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 BERTRAND RUSSELL:  AGNOSTIC OR ATHEIST?

     Atheists would like to believe that Bertrand Russell was a "totally" convicted atheist. What follows below is evidence, straight from the source, that the man clearly entertained "some doubt." Just consider: The High Priest of Atheism admits to not really being a totally convinced atheist. This ought to make his atheist followers think, but do they?


       Bertrand Russell is an icon among unbelievers worldwide. Some atheists believe that he was a "totally" convicted atheist, and he openly professed that he was -- but they are wrong. What follows is evidence, straight from the source, that Russell was not as convinced of his Atheism as his followers would like to believe. In the following statement, extracted from his essay, "Am I An Atheist Or An Agnostic?" Russell acknowledges that his views about God were not as solid as his followers wished to believe. He, in fact, admits that if he were to be in front of a rational, “philosophical” audience, he could only go as far as to assert being an "agnostic."

"I never know whether I should say "Agnostic" or whether I should say "Atheist". It is a very difficult question and I daresay that some of you have been troubled by it. As a philosopher, if I were speaking to a purely philosophic audience I should say that I ought to describe myself as an Agnostic, because I do not think that there is a conclusive argument by which one can prove that there is not a God."[i]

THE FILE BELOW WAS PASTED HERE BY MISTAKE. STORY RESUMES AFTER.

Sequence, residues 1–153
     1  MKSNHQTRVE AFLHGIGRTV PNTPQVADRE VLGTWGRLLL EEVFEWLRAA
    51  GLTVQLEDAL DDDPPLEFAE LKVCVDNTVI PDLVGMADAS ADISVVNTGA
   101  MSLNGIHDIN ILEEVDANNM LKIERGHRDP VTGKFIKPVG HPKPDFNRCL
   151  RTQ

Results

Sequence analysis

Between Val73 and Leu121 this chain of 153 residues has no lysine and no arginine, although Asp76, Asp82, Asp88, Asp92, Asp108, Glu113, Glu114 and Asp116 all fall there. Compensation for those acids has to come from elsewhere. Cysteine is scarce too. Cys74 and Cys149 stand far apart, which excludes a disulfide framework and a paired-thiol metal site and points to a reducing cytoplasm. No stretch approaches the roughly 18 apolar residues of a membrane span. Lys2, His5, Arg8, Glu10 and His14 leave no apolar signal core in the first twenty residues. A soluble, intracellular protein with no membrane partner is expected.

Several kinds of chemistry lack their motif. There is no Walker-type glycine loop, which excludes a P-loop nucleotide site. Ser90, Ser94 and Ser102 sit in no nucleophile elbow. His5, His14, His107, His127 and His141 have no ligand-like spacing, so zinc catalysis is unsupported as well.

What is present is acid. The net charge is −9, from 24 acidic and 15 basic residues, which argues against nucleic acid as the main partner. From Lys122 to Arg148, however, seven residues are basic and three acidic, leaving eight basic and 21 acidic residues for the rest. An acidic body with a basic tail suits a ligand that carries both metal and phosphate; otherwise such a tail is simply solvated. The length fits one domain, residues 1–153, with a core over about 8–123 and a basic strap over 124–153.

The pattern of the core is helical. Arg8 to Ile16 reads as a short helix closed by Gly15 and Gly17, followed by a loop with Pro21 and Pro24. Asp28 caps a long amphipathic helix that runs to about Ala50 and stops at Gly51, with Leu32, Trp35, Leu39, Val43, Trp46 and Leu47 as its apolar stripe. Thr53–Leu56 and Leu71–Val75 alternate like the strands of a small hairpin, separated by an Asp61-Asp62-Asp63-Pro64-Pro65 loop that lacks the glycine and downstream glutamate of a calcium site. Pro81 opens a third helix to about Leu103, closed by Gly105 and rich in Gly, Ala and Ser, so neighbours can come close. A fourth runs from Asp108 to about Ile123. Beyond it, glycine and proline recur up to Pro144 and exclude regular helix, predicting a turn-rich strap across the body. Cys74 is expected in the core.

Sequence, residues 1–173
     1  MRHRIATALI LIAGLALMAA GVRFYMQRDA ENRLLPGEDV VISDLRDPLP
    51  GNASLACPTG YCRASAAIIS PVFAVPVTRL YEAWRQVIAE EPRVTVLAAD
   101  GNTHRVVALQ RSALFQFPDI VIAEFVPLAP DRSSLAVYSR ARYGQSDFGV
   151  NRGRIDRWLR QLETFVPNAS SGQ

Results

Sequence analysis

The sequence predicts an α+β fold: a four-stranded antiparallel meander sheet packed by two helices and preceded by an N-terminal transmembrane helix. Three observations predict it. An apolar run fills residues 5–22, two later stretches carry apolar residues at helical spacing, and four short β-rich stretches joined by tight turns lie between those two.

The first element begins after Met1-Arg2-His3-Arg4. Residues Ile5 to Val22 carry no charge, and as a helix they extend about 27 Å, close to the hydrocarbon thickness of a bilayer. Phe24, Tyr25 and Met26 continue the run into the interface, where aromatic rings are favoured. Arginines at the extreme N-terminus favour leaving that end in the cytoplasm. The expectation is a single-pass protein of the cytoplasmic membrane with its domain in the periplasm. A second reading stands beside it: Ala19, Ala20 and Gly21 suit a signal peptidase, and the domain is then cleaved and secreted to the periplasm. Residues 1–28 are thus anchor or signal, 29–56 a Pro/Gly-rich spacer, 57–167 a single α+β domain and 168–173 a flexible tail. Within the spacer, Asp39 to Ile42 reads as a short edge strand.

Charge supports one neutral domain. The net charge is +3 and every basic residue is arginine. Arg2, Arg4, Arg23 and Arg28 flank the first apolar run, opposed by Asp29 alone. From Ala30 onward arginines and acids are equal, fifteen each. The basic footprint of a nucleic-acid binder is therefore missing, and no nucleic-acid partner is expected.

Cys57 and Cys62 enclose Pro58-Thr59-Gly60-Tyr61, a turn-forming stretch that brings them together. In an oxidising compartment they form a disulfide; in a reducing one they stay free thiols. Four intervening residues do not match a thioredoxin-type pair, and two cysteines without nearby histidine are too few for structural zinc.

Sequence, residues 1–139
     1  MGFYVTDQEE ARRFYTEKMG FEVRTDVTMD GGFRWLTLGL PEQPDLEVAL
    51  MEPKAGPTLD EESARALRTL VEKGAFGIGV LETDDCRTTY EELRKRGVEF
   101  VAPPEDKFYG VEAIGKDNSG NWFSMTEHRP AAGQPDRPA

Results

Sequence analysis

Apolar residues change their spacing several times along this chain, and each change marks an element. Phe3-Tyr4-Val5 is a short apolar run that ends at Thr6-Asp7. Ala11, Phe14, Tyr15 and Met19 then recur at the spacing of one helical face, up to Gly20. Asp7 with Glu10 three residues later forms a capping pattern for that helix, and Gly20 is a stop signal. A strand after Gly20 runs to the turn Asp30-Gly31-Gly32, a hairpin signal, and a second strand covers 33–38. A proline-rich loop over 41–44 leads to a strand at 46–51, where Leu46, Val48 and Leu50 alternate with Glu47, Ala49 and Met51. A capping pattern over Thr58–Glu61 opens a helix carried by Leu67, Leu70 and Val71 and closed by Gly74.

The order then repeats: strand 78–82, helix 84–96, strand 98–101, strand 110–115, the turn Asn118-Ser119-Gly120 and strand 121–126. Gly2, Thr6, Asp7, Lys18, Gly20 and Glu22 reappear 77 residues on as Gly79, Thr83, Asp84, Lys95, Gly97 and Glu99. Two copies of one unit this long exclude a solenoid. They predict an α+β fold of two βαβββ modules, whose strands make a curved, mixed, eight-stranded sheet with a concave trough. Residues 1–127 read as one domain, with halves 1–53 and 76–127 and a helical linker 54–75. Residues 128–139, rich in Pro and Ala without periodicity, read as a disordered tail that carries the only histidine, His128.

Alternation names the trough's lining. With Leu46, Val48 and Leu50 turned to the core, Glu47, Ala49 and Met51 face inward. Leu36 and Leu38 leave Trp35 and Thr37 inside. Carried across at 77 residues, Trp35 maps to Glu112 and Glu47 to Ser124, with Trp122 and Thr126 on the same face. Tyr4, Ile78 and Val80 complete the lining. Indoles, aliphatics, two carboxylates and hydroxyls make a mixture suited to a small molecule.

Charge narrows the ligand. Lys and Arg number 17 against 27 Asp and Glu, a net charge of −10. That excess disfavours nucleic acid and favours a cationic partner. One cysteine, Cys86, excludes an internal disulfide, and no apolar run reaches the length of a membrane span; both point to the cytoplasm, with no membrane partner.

In the same work he then proceeds to attempt to limit the impact of  the above admission by reassuring his faithful followers that he is agnostic about the Bible God as he is agnostic of Zeus and other mythological gods; thus implying that his agnosticism was next to insignificant.  But Russell knew that a "philosophical" audience would not be concerned about "which" god exists, but whether or not there is a "Creator." Before such a "thinking" group he would not dare use the cavalier and sarcastic approach he used with his fanatical followers, lest he look un-intellectual; thus he admitted that before such an "enlightened" audience he would only go as far as to declare himself an agnostic.

     This admission reveals where he stood "intellectually," and this is what atheists should seriously consider. Clearly he knew that the arguments against the existence of a Creator were insufficient, and admitted so publicly.

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[i] Russell, Bertrand. “Am I An Atheist Or An Agnostic? A Plea For Tolerance In The Face Of New Dogmas.” Positive Atheism Web Site. <http://www.positiveatheism.org/hist/russell8.htm> (9 July, 2008).

 

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